On a sunny Monday in mid-September, scientist Michael Mina sits down at his desk at Harvard for the first time since the pandemic began. It’s been so long that, through the window behind him, an entire gleaming 11-story building has sprung up. A neglected office plant is brown and withering, and a stack of scientific journals nearby date to February and March 2020.
The 37-year-old epidemiologist, immunologist, and physician says it didn’t have to be this way: Workplaces, schools, event spaces, and more that have been desolate for better than a year could have stayed open—and safely—with a technology that’s been here all along. Mina has long been a tireless champion of inexpensive, do-it-yourself SARS-CoV-2 antigen tests that can return a positive or negative result in about 15 minutes, arguing for their wider deployment in op-ed articles, on Twitter, and in conversations with health authorities.
The idea is that when used widely and frequently, the detectors, similar to a home pregnancy test, could stop outbreaks before they begin. Countries such as Germany and the U.K. have invested heavily in the tests, making them available cheaply or even free. Others, including the U.S., have stuck with a more sensitive laboratory test that often must be administered by trained personnel and can take days to return results, depending on the lab’s processing capacity.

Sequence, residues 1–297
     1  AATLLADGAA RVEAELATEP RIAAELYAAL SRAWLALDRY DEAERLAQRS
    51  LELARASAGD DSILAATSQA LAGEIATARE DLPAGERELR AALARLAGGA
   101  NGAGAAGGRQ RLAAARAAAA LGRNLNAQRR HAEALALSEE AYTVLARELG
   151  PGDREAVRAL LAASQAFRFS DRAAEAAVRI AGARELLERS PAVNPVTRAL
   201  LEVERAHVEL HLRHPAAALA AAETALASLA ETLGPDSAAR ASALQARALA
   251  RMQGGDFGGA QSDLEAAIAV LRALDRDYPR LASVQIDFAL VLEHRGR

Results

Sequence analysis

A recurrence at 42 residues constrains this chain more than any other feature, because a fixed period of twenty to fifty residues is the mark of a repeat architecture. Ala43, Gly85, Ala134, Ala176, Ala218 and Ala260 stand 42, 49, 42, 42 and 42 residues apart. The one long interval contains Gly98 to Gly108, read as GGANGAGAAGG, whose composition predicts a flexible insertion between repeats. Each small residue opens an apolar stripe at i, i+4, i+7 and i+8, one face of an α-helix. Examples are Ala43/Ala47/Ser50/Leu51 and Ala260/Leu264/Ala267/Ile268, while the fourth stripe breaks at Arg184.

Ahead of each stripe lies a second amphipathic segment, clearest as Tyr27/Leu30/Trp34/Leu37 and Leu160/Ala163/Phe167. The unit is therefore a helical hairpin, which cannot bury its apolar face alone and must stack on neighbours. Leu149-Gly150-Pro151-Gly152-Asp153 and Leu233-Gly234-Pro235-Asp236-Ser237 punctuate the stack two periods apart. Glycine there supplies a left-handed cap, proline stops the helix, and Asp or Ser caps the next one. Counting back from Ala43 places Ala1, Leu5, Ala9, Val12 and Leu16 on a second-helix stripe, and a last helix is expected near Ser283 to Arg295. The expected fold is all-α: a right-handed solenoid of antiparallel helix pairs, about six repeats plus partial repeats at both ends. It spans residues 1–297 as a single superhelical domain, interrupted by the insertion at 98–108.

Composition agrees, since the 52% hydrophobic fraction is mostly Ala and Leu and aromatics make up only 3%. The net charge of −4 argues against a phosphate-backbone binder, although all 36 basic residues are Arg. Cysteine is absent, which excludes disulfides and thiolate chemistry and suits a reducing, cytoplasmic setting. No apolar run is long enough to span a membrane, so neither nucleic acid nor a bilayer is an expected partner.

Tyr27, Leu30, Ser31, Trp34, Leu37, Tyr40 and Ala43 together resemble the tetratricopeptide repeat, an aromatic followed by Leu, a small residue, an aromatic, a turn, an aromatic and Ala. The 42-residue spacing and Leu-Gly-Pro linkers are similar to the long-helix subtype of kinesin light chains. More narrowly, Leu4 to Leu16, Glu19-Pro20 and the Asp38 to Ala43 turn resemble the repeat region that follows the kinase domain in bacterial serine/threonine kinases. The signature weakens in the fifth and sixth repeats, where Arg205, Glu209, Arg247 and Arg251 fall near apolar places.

“I’ve just been banging the drum about this really simple tool that, frankly, could have prevented the outbreaks of last winter,” says Mina. “It could have—especially when we had no vaccines—saved hundreds of thousands of lives.”
Rapid testing may finally be having its moment. Even in countries with plenty of vaccine supply, policymakers are coming to the realization that shots alone might not be enough to stop the virus, especially its more infectious delta variant. President Joe Biden said on Sept. 9 that he would spend $2 billion on 280 million rapid tests, and his administration announced an additional $1 billion purchase this month—part of a group of measures that officials say should quadruple the number available for home use by December. It’s not enough, but it’s a start, Mina says.
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